First, more than a prophetic statement, this is now an historical fact. Second, this prophetic look into the future of Ishmael was decreed from the naming of Ishmael (You shall name him Ishmael). In Hebrew, Ishmael is spelled YOD, SHIN, MEM, AYIN, ALEPH and LAMED. In the ancient Hebrew pictographs, the YOD is pictured as a hand from the fist to the elbow meaning my, my hand, or my works. SHIN is pictured as two teeth meaning to destroy or consume. MEM is pictured as waves of water meaning waters, nations or peoples. AYIN is pictured as an eye meaning to see, or to see as God sees. ALEPH is an ox head meaning strong, leader or God. LAMED is pictured as a shepherd's staff meaning to lead.
Recall from earlier posts that the combination of ALEPH and LAMED form the Hebrew name El or God. The name Ishmael means God hears me or my God hears because the YOD or "ee" sound is the letter or sound for my/me and "shama" (produced by SHIN, MEM and AYIN) is the Hebrew word for hear. So, Ishmael (or ee shama el) is my God hears or God hears me. But, when you look at the Hebrew pictographs what you see is Genesis 16:11-13, "his hand will be against everyone and everyone's hand against him, and he will live in hostility toward all his brothers..." and "You are the God who sees me..."
Here it is in the ancient Hebrew pictographs:
Ishmael in ancient Hebrew
Ishmael in ancient Hebrew
As much as Ishmael is a vivid picture of future strife, Isaac (meaning laughter) vividly depicts the replacement of Ishmael and the sacrifice God asks Abraham to make with Isaac. The Bible says Ishmael was a hunter or bowman, a man of the bow. Ishmael is a man of the bow because the bow is a symbol of covenant (see my discussion of the bow as covenant), and, while God's covenant with Abraham was to be through Isaac, we are reminded that God also promised to make Ishmael a great nation.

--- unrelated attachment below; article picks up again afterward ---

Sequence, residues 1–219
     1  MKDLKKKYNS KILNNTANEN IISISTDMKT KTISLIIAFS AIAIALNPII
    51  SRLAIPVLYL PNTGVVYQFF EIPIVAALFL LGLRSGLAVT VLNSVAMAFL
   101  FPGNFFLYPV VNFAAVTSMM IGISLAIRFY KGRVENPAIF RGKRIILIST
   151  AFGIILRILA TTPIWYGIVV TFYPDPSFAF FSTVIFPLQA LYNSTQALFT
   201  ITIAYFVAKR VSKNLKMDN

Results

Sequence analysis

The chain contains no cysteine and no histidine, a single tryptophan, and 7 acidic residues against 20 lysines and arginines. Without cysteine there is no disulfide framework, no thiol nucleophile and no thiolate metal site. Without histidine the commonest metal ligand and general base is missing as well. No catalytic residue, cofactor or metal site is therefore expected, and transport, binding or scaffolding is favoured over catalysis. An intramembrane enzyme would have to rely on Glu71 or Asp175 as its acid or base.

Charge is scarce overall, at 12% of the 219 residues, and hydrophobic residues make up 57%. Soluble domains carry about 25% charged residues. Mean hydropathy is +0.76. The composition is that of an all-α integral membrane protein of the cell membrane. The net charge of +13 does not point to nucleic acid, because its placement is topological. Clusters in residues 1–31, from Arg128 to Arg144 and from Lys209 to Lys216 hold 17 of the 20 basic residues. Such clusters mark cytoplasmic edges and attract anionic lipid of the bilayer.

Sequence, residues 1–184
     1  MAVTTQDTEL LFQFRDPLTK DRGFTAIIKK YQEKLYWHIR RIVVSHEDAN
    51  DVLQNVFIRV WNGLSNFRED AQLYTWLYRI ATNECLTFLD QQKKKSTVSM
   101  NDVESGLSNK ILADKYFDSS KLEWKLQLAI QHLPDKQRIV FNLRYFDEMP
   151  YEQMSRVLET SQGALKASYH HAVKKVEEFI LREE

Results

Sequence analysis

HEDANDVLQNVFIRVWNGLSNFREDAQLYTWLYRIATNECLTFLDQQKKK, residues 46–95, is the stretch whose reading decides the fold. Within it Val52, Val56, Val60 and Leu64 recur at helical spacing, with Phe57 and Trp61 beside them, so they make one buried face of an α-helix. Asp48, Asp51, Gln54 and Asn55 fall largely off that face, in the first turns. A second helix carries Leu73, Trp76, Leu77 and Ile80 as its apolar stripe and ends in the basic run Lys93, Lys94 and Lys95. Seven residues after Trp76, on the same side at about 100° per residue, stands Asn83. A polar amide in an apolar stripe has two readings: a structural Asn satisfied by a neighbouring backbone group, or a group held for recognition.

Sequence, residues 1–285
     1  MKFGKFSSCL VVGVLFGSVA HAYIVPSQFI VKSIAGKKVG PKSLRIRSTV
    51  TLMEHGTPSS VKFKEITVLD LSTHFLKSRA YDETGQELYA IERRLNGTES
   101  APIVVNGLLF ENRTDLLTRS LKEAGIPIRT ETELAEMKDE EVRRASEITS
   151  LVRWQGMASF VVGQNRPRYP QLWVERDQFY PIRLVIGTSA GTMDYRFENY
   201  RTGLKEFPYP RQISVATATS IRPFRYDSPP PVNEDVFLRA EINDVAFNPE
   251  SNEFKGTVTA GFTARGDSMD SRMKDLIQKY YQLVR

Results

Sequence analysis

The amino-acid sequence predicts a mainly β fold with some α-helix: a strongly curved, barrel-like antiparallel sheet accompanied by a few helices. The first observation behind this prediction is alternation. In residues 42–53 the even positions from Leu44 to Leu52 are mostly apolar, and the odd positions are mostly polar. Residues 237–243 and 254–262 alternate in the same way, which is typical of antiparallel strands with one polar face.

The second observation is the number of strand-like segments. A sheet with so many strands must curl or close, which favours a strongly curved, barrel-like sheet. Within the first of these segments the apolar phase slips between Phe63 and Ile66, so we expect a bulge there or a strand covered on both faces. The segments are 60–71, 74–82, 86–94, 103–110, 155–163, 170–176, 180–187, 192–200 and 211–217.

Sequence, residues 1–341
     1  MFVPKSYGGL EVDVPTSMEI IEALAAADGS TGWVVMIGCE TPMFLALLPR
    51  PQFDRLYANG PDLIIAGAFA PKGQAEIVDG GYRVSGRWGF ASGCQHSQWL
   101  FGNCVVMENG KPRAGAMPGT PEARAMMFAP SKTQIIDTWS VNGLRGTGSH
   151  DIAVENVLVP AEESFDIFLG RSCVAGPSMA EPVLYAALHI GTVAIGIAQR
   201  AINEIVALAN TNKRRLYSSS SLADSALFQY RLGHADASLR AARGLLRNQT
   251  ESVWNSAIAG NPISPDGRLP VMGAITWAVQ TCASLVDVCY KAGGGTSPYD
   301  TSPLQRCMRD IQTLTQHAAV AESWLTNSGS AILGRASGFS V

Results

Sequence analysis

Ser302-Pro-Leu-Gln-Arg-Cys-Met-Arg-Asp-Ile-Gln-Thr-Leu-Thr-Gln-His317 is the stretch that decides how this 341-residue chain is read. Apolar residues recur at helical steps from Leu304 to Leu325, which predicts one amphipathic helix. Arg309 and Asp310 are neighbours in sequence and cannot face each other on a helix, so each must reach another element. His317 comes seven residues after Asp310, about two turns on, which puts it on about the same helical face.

Nevertheless, the Abrahamic covenant was through Isaac, and Ishmael was completely cut off from it. We can see this is the name Isaac. In Hebrew, Isaac is spelled YOD, TSADE, CHET and QUPH. Again, the YOD is pictured as a hand, meaning my or my efforts. TSADE is pictured as a man lying on his side or a fish hook meaning to hunt or fish. CHET is pictured as a wall or fence meaning to cut off. QUPH is pictured as a horizon meaning some sort of time element. So Isaac is a depiction of the relationship between Abraham and Ishmael: MY HUNTER (Ishmael the hunter or bowman) will be CUT OFF for all TIME, or the product of MY EFFORTS, the HUNTER is CUT OFF for all TIME.
Isaac in ancient Hebrew
Isaac in ancient Hebrew
Moveover, in the ultimate test of one's faith, God asks Abraham to sacrifice Isaac. It is quite an amazing test, one I'm not sure many would pass. But, Abraham does, and it is recorded in this way:
Abraham built an altar there and arranged the wood on it. He bound his son Isaac and laid him on the altar, on top of the wood. Then he reached out his hand and took the knife to slay his son. But the angel of the LORD called out to him from heaven, “Abraham! Abraham!” “Here I am,” he replied. Do not lay a hand on the boy,” he said. “Do not do anything to him. Now I know that you fear God, because you have not withheld from me your son, your only son.” Gen 22:9-12
You can almost picture Abraham taking his son by the hand and then in his arms and laying him down to cut him with the knife, but the angel intervenes in the nick of time. What is truly remarkable is that this picture was painted before Isaac's birth, when the Lord told Abraham, "your wife Sarah will bear you a son and You will call him Isaac..."Gen. 17:19. Actually, now that I think about it, all of these word pictures were painted before time began. They were only revealed later. Quite astounding!
Here is Isaac:
Isaac in ancient Hebrew
Isaac in ancient Hebrew
...lest anyone doubt the significance of a name!